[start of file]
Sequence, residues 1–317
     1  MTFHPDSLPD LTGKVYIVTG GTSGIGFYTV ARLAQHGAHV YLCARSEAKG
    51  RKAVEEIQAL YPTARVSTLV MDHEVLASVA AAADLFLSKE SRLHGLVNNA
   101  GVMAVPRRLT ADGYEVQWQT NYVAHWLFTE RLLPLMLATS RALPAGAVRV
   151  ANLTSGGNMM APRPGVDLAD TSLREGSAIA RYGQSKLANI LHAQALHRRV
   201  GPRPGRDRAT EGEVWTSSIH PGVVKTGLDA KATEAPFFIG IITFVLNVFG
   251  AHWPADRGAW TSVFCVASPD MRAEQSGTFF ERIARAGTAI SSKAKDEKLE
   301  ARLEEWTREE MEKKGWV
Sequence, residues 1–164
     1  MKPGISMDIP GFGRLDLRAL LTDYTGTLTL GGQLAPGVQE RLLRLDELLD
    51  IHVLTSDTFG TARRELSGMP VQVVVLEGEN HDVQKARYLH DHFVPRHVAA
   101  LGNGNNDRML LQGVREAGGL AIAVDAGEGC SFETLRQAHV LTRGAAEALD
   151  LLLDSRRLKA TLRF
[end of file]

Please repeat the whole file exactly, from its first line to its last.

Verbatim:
Sequence, residues 1–317
     1  MTFHPDSLPD LTGKVYIVTG GTSGIGFYTV ARLAQHGAHV YLCARSEAKG
    51  RKAVEEIQAL YPTARVSTLV MDHEVLASVA AAADLFLSKE SRLHGLVNNA
   101  GVMAVPRRLT ADGYEVQWQT NYVAHWLFTE RLLPLMLATS RALPAGAVRV
   151  ANLTSGGNMM APRPGVDLAD TSLREGSAIA RYGQSKLANI LHAQALHRRV
   201  GPRPGRDRAT EGEVWTSSIH PGVVKTGLDA KATEAPFFIG IITFVLNVFG
   251  AHWPADRGAW TSVFCVASPD MRAEQSGTFF ERIARAGTAI SSKAKDEKLE
   301  ARLEEWTREE MEKKGWV
Sequence, residues 1–164
     1  MKPGISMDIP GFGRLDLRAL LTDYTGTLTL GGQLAPGVQE RLLRLDELLD
    51  IHVLTSDTFG TARRELSGMP VQVVVLEGEN HDVQKARYLH DHFVPRHVAA
   101  LGNGNNDRML LQGVREAGGL AIAVDAGEGC SFETLRQAHV LTRGAAEALD
   151  LLLDSRRLKA TLRF